When you plan a trip to the Great Smoky Mountains in Tennessee or North Carolina, you probably don’t consider the dangers of a bear attack or a snake bite. Even though they’re possible, you know those things are unlikely. Instead, you’re thinking about learning about the Cherokee people, shopping among the quaint mountain towns, and hiking to beautiful vistas along the Appalachian Trail. But you might not know there’s a longtime theory that feral people live in the Smoky Mountains.
Never heard of it? Let’s learn more about these feral people, and then you can decide for yourself if you believe they exist.
What Are Feral People?
The term “feral” is usually associated with “wild,” meaning feral people are people living in the wild, disconnected and isolated from the rest of society. These humans are assumed to be uneducated and unpredictable in nature, thus perhaps dangerous.
If you’ve ever seen or read “The Jungle Book,” the character of Mowgli is a feral person. Dina Sanichar, the real Mowgli, inspired Rudyard Kipling to write the story. There have been other cases of people living in the wild.
Where are the Smoky Mountains?
The Great Smoky Mountains are on the border of North Carolina and Tennessee. A subrange of the Appalachian Mountains, the “Smokies” are the home of the Great Smoky Mountains National Park, the country’s most visited national park.
The Smokies are also part of an International Biosphere Reserve and a designated UNESCO World Heritage Site. It encompasses over 500,000 acres of land.
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Why Do People Believe Feral People Live in the Smoky Mountains?
Because of the 1969 case of Dennis Martin, some people believe feral people live in the Smoky Mountains. On September 1, 2021, “Expedition X” aired “Terror in Appalachia.” Here, Phil Torres and Jess Chobot investigated reports of human-like creatures prowling the Great Smoky Mountains.
Plenty of people who have lived in the area all their lives believe that there are feral people, men in particular, who grab hikers and kidnap children. There could be cold cases and unsolved mysteries.
Is there Evidence of Feral People in the Smoky Mountains?
Some eyewitnesses claim to have seen hairy, scary men or heard these feral people roaming the Smokies.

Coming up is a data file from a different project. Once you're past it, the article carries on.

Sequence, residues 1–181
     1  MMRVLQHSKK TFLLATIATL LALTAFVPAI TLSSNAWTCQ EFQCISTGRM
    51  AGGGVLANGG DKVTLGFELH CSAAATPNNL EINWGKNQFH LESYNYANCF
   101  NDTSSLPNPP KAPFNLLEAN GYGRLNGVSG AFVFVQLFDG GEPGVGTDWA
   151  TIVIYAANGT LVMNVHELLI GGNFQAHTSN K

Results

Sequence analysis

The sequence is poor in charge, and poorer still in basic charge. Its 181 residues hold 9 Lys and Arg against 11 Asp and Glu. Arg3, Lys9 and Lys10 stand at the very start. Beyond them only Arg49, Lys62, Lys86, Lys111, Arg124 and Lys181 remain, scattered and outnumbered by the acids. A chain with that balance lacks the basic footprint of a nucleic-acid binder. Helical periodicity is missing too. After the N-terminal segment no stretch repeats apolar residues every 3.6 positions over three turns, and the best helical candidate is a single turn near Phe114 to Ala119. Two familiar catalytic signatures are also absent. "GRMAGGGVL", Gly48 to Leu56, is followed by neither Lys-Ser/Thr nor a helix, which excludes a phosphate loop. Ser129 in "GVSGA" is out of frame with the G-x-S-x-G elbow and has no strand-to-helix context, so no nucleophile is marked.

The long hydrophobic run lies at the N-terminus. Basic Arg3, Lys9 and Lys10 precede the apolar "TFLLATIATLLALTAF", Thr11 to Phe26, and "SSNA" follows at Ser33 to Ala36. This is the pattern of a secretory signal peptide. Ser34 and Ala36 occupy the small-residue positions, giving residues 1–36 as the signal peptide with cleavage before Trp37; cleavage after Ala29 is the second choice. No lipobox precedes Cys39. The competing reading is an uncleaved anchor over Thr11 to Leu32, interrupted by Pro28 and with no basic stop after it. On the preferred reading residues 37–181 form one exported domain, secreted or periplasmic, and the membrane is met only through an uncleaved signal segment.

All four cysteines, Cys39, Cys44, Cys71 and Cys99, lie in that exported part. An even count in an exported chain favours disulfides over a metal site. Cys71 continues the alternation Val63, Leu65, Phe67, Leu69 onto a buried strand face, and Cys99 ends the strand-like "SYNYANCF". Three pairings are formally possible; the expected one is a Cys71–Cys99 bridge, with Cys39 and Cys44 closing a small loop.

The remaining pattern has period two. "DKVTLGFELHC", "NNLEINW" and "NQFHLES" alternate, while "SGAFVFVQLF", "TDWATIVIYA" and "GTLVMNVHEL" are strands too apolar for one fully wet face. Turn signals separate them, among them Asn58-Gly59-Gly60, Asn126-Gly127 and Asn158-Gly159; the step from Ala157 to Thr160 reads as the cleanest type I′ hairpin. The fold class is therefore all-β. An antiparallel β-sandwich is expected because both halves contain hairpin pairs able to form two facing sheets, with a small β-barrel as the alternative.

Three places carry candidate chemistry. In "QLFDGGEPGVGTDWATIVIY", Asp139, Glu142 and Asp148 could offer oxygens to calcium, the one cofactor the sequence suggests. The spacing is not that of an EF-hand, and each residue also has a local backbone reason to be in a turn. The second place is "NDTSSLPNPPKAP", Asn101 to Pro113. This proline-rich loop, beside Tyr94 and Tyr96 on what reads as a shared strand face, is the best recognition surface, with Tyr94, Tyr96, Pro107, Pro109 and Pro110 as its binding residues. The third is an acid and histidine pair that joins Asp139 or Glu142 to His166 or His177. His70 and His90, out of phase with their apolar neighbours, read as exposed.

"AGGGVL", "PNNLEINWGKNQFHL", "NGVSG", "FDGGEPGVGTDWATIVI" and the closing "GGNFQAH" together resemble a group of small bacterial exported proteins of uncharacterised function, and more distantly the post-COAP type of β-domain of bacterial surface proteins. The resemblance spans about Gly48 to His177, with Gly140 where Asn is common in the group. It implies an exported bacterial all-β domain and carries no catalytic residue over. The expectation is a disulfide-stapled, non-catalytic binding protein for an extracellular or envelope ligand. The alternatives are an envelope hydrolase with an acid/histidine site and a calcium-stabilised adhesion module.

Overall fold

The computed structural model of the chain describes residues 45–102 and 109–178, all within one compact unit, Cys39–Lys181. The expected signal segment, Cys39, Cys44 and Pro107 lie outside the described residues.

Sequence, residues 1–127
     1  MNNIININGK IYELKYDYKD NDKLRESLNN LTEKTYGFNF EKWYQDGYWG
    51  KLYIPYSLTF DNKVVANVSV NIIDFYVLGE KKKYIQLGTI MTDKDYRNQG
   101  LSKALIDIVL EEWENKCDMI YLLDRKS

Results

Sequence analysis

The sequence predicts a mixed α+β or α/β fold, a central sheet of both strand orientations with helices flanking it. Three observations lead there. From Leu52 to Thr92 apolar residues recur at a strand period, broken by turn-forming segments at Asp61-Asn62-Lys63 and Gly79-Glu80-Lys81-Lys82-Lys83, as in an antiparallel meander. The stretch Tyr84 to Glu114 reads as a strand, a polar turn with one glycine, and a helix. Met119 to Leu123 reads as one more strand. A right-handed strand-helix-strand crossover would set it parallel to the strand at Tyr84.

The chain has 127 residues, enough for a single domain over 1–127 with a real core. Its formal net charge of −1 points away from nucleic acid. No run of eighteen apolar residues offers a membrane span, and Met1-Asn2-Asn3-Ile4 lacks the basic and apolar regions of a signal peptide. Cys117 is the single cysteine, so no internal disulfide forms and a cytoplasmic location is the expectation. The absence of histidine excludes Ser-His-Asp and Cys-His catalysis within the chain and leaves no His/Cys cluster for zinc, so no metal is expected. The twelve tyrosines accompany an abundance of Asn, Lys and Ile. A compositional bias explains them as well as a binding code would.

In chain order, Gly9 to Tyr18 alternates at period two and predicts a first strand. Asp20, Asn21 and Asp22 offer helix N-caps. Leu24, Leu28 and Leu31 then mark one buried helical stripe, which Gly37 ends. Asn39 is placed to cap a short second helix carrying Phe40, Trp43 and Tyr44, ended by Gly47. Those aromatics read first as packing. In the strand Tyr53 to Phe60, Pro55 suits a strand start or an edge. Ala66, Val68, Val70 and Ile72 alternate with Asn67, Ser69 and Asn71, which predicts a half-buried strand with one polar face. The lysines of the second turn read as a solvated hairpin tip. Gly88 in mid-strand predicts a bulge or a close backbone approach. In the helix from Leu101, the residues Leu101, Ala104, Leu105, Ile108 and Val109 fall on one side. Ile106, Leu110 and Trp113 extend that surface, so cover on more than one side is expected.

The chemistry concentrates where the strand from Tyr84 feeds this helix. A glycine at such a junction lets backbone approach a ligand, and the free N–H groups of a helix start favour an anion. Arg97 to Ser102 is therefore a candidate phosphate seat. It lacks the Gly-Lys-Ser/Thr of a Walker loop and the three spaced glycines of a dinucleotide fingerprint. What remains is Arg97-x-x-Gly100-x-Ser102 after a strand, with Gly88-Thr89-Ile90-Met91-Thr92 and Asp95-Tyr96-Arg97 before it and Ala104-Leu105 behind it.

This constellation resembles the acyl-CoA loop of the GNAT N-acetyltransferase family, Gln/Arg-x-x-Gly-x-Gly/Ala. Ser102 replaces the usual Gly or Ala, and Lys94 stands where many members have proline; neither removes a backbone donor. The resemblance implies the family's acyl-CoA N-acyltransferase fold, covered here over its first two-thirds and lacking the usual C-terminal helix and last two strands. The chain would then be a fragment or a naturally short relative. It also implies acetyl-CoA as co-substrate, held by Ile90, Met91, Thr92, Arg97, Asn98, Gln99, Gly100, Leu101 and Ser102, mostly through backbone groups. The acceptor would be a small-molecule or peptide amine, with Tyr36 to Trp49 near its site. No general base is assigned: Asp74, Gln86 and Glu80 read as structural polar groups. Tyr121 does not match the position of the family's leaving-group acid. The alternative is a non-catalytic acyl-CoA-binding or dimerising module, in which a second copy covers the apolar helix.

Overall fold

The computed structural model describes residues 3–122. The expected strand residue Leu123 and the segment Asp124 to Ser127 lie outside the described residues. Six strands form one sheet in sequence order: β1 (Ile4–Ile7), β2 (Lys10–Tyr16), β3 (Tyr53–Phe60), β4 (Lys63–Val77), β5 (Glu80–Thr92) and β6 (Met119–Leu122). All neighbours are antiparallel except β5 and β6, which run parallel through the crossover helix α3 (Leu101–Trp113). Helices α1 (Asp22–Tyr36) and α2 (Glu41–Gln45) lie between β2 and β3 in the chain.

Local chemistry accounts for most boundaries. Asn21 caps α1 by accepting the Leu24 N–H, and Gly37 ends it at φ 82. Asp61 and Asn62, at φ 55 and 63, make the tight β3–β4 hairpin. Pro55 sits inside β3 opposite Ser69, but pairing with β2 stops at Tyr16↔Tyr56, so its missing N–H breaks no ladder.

One North Carolinian writes on Reddit, “Since the 30s or 40s, there have been feral wild men living in these mountains. They are fast. They will snatch livestock and snatch children…And I’m not talking about some end of days extremist who took to the woods…I mean feral…completely wild men. Their own language. Living underground…At night you’ll hear them hollering. Supposed inbreds.”
Another Reddit user was hunting one night when he encountered one of these feral people. He explains, “I remember jolting a little when I saw that it wasn’t really a bear, it was a man. Because he was so low and hunched over I thought I was looking at a young bear…I was about to call out when I adjusted my sights and noticed, he was naked. No shoes, pants or anything. I remember being disturbed by his movements, like a squirrel or something. Twitchy and grabbing at the foliage, sniffing around and palming the tree.”
So, is there hard evidence like videos and photos of feral people in the Smoky Mountains? No, but there are plenty of accounts of people who have heard, seen, or encountered these wild creatures who seem uncivilized and savage. Are they truth or hoax?
Pro Tip: Mountain lovers will love hiking through or camping on the Tallest Mountain in the Lower 48.
What Happened to Dennis Martin?
In June 1969, Dennis Martin and his family were hiking in the Smoky Mountains. It was a family Father’s Day tradition. They met another family nearby and hung out at Spence Field for the day. Dennis, his brother, and the two boys from the other family decided to play a prank on their parents.
Three of the boys went in one direction while Dennis went in another. When the three boys jumped out to “scare” their parents, Dennis didn’t pop out of the woods. No one saw him again.
After hours of searching the woods, the family called officials, and a search party ensued. The Boy Scouts, National Guard, and many rescue groups combed the area in search of six-year-old Dennis Martin. It was the largest search ever in the Great Smoky Mountains National Park.